|Vittorio Hernandez |||Apr 03, 2015 05:10 AM EDT|
David Lui, a California resident, recounts a bad experience he and another Asian friend experienced when they went to the Starbuck's new Reserve Roastery on Capitol Hill on March 11.
Lui shared what happened in a Yelp posting. Upon entering the store, a Starbucks employee asked them if they are in the coffee business. Before Lui and his friend could answer, the man told them that they are free to copy all that Starbucks has and even its equipment.
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"We're an open book. If you want to steal our stuff for your store in China, go ahead, we're fine with that," the Starbucks employee said, quotes Seattle.eater.com.
After the "sermon", the man gave them a smile, while Lui and his friend just let the incident pass.
But after 15 minutes, the same man was back with the same "homily" for the duo. This time he added that they could even filch the beans and their suppliers. However, he said that they can't get the Starbucks training in China. "That's something we'll never give to you," the man said.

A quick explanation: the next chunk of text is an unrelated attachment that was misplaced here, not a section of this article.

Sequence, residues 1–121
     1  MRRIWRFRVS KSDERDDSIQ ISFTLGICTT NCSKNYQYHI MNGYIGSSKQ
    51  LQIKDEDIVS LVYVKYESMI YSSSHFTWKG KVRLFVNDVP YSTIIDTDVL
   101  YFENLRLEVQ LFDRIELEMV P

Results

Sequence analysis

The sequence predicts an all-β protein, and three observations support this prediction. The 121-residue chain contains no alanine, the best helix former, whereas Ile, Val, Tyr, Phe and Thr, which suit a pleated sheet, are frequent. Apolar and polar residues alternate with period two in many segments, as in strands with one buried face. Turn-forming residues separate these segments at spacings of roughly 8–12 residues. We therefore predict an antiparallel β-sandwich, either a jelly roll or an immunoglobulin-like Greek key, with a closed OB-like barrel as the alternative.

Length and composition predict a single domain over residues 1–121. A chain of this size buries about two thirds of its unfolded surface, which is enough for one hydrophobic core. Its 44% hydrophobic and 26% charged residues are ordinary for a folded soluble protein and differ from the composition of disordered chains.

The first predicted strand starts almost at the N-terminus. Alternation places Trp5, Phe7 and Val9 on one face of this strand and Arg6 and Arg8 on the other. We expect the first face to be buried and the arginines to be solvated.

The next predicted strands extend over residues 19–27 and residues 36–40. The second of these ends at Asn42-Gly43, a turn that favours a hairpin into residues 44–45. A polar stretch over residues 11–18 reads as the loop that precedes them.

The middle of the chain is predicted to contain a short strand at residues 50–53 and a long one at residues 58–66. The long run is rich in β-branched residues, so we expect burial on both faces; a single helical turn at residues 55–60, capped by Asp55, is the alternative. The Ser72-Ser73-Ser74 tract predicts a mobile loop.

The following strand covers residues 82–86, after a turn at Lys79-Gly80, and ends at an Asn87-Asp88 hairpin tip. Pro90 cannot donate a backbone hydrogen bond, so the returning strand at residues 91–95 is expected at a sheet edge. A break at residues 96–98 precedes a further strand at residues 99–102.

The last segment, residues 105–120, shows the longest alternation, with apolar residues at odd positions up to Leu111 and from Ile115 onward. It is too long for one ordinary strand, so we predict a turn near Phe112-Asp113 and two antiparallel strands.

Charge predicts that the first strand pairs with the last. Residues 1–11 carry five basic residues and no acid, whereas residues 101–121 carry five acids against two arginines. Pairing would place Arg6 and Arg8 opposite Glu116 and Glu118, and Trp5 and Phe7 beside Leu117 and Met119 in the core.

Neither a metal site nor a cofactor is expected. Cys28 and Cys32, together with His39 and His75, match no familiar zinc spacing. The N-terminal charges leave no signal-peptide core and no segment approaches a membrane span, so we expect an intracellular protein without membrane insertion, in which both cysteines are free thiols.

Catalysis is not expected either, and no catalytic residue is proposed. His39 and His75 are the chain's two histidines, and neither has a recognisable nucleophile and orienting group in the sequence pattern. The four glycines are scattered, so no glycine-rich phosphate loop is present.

The story doesn't end there because Lui's Yelp posting was picked up by the Angry Asian Man blog. Starbucks customer service sought their help in identifying the erring employee so the coffee chain could investigate the matter.
Starbucks promised to place a gift in his Starbucks Gold account, but Lui said rather than get latte points, he wants Starbucks to follow through the integrity of their corporate leadership.
Starbucks' worry over competition is not imaginary. The only problem was that an over-eager employee thought every Asian-looking customer is a spy.
The real competition will not come from someone who opens a coffee franchise in China that looks like Starbucks but from a global chain like it - KFC. The fried chicken franchise announced in early March its plan to offer lower-cost premium coffee in China.
KFC pilot-tested the concept in December, and it has helped increase sales in the morning and afternoon. Financial Post reports that KFC in China will offer the lower-priced premium coffee in 2,500 outlets across the country by the end of 2015.
In contrast, Starbucks has only 1,500 outlets in China, while KFC has 4,500, which leaves it with 2,000 outlets more to offer the KFC coffee to its diners.
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